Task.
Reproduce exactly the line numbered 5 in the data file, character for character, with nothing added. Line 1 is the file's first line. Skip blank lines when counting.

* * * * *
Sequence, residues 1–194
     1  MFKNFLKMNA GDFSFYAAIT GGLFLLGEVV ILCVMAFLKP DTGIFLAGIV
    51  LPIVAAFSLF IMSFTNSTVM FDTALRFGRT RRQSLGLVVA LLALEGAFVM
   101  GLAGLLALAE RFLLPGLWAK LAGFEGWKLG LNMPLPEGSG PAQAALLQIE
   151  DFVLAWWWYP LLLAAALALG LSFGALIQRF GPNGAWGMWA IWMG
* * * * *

   151  DFVLAWWWYP LLLAAALALG LSFGALIQRF GPNGAWGMWA IWMG